Winking smile  China Defends Export Data After Economists’ Skepticism  China’s customs administration said every dollar of trade is documented, defending the quality of export data that analysts at UBS AG and Australia & New Zealand Banking Group Ltd. said may fail to capture the true picture.

Here’s a dependable stat:

Electricity consumption rose sharply in December – the fourth straight month. For all of 2012, the 5.5% rise was modest (for China), versus 11.7% in 2011. But just in the last four months, electricity use has risen over 8%. The 2013 China economy – a strong start. (ISI)


Fed Sees Bond Buys Continuing

“There are some positives, but I want to be clear that while we’ve made some progress there is still quite a ways to go,” Mr. Bernanke said, speaking about the economy at the University of Michigan’s Gerald R. Ford School of Public Policy here. The Fed has said that continuing these programs—such as an $85 billion-a-month bond-buying effort—hinges on progress in the U.S. job market. (…)

The Fed chairman cited bright spots for the economy, including the energy boom that is lifting output in some states, an improving housing market and resilient consumer confidence. He defended the effect of Fed policies on the economy. The programs helped drive down long-term interest rates to support growth, he said, as evident from “incredibly low” mortgage rates. That, he added, was a factor making housing more affordable and helping the sector recover.

Eventually, that will stop and the old normal will reappear…



NEW$ & VIEW$ (20 NOVEMBER 2012)


U.S. Existing Home Sales Improve

The National Association of Realtors reported that sales of existing homes increased 2.1% during October to a 4.790M annual rate. The gain followed a downwardly revised 2.9% September decline to 4.690M, initially reported as 4.750M. Sales of existing single-family homes alone rose 1.9% to 4.220M, up 9.6% y/y. Sales of condos and co-ops rose 3.6 m/m to 0.570M, up 21.3% y/y.

The median price of an existing home ticked up 0.2% (+11.1% y/y) to $178,600 following three straight months of decline.

The supply of homes on the market fell to a six year low of 5.4 months. The months’ supply of single-family homes on the market slipped to 5.4 and for condos & coops it fell to 5.3 months. The total number of homes on the market continued its steady decline and fell 1.4% m/m, down 21.0% y/y. Inventories of single-family homes fell 20.9% y/y while inventories of multi-family homes fell 26.9%.

Pointing up  This is the real big thing. Housing starts, and prices, can only continue  to recover.


(Chart from WSJ)

Housing Starts in U.S. Increase to Four-Year High

Starts rose 3.6 percent to a 894,000 annual rate, the fastest since July 2008 and exceeding all estimates in a Bloomberg survey, Commerce Department figures showed today in Washington. Building permits, a proxy for future construction, eased after surging the previous month.

Permits decreased 2.7 percent to an 866,000 annual rate from 890,000 in September. The drop in October permits reflected fewer applications for multifamily construction, while those for one-family units rose to the highest level since July 2008.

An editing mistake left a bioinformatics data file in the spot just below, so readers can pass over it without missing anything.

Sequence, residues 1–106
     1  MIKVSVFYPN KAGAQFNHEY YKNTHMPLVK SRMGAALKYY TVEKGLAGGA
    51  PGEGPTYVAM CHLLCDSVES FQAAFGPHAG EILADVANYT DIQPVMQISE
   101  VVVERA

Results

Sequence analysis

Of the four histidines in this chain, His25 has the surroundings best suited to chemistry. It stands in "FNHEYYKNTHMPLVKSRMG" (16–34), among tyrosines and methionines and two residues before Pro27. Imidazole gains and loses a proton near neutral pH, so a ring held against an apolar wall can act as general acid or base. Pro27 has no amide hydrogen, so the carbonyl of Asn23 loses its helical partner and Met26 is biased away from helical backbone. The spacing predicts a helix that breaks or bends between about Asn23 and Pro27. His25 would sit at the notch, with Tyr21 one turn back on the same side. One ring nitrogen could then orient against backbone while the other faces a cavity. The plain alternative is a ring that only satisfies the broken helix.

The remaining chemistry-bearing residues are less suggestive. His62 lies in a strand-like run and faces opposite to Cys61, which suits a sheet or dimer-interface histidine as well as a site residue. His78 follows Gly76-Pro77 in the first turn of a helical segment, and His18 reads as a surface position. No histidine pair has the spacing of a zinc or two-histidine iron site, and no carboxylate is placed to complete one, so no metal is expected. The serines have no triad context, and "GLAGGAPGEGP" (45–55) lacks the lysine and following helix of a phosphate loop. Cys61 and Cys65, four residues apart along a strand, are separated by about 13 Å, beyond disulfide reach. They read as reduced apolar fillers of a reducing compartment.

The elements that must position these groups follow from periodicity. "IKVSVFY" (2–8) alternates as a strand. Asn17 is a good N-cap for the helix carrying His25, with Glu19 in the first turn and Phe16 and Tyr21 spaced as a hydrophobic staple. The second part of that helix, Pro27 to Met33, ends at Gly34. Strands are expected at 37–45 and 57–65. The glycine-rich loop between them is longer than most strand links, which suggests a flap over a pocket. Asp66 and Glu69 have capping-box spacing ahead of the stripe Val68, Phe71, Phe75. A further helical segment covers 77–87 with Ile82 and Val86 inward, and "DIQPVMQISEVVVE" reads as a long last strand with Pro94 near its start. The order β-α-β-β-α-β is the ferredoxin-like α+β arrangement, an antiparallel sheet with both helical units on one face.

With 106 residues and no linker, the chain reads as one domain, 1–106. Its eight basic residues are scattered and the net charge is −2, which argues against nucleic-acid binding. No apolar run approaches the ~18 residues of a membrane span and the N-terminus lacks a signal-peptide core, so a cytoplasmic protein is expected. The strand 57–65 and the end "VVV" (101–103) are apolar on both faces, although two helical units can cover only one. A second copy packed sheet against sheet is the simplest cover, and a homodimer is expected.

Construction of single-family houses eased 0.2 percent to a 594,000 rate from 595,000 the prior month. Work on multifamily homes, such as and apartment buildings, jumped 11.9 percent to an annual rate of 300,000.

From BMO Capital:

The surge in homebuilder confidence to the highest level in more than 6 years bodes well for continued positive U.S. housing market momentum. Below, we plot homebuilder confidence against housing starts, but you can easily swap out starts for sales or prices and get a similar (optimistic) picture. image

FDI in China declines in Oct  Foreign direct investment in China edged down by 0.24 percent from a year earlier to $8.31 billion in October, the Ministry of Commerce said.

The first 10 months saw FDI in China decline by 3.45 percent year-on-year to $91.74 billion.

FDI from the US went against the downward trend and expanded by 5.3 percent year-on-year to $2.7 billion from January to October while the first nine months saw US FDI in China drop by 0.63 percent year-on-year.

Moody’s Cuts France Rating

Moody’s stripped France of its triple-A rating, following in the footsteps of Standard & Poor’s and delivering a stinging critique of President Hollande’s attempts to turn the economy around

Moody’s Investors Service stripped France of its triple-A rating Monday, following in the footsteps of Standard & Poor’s Ratings Services, and delivering a stinging critique of President François Hollande’s attempts to turn the economy around amid the euro-zone crisis.

The ratings firm said the main reasons for its action, which leaves Fitch Ratings as the only ratings firm to keep France at triple-A, is the economy’s weakness and the risks to the government’s finances “posed by the country’s persistent structural economic challenges.” (…)

Moody’s cut France’s rating to Aa1 from Aaa and kept a negative outlook on the rating. (…)

French Bonds Still Hold Broad Appeal

French government bond prices weakened only slightly after Moody’s Investors Service’s one-notch ratings downgrade, the country’s second loss of its prized triple-A rating this year.